Any céad míle fáilte for Galway’s paper candidates spreading fear?


From this week's Galway City Tribune

From this week's Galway City Tribune

Any céad míle fáilte for Galway’s paper candidates spreading fear? Any céad míle fáilte for Galway’s paper candidates spreading fear?

Bradley Bytes – A sort of political column by Dara Bradley

The number of ‘paper’ candidates in this year’s Local Elections to Galway City and County Council appears greater than any other.

By ‘paper’, we mean, they’re not serious candidates, canvassing on the ground, working, and living in the communities they wish to represent. Rather, they’re parachuted in, often under a party banner, to mop-up anti-immigrant votes that they’ve cultivated through online hateful propaganda.

On their own, they may not enjoy sufficient support to threaten to take seats. But cumulatively, across the country, when their total vote is combined, it may give legitimacy to their right-wing outlook on migration.

Many paper candidates live outside of the Local Electoral Area they are running in.

Some of them regularly go from county to county to protest at the latest hotel in rural Ireland that is being contracted by the State to provide accommodation for International Protection applicants or migrants fleeing war in Ukraine.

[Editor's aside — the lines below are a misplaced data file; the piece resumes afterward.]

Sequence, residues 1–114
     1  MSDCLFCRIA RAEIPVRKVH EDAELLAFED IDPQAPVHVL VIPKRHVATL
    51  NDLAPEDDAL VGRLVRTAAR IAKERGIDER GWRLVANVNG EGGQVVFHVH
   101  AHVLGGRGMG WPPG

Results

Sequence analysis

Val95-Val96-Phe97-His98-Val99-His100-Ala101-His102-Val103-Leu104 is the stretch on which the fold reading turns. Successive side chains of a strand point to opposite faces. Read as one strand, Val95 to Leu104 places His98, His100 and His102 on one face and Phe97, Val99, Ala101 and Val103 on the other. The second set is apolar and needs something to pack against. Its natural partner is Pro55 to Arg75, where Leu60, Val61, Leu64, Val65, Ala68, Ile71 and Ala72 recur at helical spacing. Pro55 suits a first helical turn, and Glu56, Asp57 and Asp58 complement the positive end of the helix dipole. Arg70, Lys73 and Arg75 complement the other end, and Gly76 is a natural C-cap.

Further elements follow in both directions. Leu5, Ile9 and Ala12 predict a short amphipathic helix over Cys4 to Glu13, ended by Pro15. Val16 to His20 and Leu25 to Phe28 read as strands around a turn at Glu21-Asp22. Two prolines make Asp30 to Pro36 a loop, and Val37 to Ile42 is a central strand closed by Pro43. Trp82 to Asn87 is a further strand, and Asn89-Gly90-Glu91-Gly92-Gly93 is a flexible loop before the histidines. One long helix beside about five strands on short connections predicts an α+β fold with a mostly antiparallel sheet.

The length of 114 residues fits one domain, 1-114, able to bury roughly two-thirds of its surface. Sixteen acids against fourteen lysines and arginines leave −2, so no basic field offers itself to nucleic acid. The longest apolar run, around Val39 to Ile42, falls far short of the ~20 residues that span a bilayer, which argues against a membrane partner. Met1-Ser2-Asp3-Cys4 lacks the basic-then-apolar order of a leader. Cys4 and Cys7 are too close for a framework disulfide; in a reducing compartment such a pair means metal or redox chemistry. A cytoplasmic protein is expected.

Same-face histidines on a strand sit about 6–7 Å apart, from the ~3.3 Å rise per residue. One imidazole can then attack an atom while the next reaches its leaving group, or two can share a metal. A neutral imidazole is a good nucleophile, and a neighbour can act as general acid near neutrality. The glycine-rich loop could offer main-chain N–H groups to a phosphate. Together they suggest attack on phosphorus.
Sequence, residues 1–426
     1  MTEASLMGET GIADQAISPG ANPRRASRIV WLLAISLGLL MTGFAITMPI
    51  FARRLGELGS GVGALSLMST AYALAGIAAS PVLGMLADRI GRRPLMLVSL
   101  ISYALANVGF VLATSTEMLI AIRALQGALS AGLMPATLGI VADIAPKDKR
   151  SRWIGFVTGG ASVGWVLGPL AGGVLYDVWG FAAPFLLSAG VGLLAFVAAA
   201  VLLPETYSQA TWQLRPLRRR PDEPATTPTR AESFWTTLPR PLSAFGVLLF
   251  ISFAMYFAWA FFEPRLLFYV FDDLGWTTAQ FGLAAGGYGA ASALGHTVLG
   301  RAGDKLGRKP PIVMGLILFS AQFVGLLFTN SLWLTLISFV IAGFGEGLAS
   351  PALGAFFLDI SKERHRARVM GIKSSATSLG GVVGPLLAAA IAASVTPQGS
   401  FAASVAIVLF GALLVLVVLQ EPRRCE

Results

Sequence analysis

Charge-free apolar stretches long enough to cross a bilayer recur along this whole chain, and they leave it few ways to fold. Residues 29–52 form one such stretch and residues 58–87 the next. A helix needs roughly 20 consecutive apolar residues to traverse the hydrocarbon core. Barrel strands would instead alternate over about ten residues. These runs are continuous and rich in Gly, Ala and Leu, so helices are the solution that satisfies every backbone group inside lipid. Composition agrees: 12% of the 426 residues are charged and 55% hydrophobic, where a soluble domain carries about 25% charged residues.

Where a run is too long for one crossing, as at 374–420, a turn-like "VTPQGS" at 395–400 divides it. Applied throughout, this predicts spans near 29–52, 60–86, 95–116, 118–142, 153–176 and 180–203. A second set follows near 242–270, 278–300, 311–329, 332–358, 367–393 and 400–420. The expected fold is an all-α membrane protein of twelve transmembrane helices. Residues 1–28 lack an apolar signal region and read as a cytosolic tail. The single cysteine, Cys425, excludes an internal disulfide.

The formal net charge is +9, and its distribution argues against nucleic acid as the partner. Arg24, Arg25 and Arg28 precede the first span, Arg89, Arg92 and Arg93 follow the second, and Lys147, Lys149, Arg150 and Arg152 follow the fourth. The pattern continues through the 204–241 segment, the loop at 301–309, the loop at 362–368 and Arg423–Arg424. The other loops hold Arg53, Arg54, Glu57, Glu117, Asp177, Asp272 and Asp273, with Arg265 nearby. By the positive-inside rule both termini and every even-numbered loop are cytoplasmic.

In a way, their presence on ballot papers is positive evidence of the strength of our democracy. After all, contesting Local and European elections is infinitely more acceptable than standing outside hotels screaming and shouting at cowering children who are being escorted by the Garda Public Order Unit into their new, temporary homes. But it also signals a shift towards a more intolerant society.

It’s difficult to gauge if parties and individuals with views on the far right of the political spectrum will succeed in large numbers this weekend. A record number of candidates of colour and from migrant backgrounds are standing, too.

Immigration concerns, some legitimate, have dominated the campaign and mainstream parties have reacted with policy changes, but voices of reason and common decency remain mainstream.

Hopefully, Galway will reject hateful head-the-balls, and extreme candidates spouting racist tropes who feed off spreading fear and hate.

Pictured: Helen Ogbu who is standing in City East is a strong contender to become Galway’s first migrant and black woman city councillor. 

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